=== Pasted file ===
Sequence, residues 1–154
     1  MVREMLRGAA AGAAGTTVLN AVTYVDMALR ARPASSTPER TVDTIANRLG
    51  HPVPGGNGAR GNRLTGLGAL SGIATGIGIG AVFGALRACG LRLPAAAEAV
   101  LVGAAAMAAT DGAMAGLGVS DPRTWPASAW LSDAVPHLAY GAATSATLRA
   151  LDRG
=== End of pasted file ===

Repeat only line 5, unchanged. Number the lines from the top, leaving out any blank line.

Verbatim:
   151  LDRG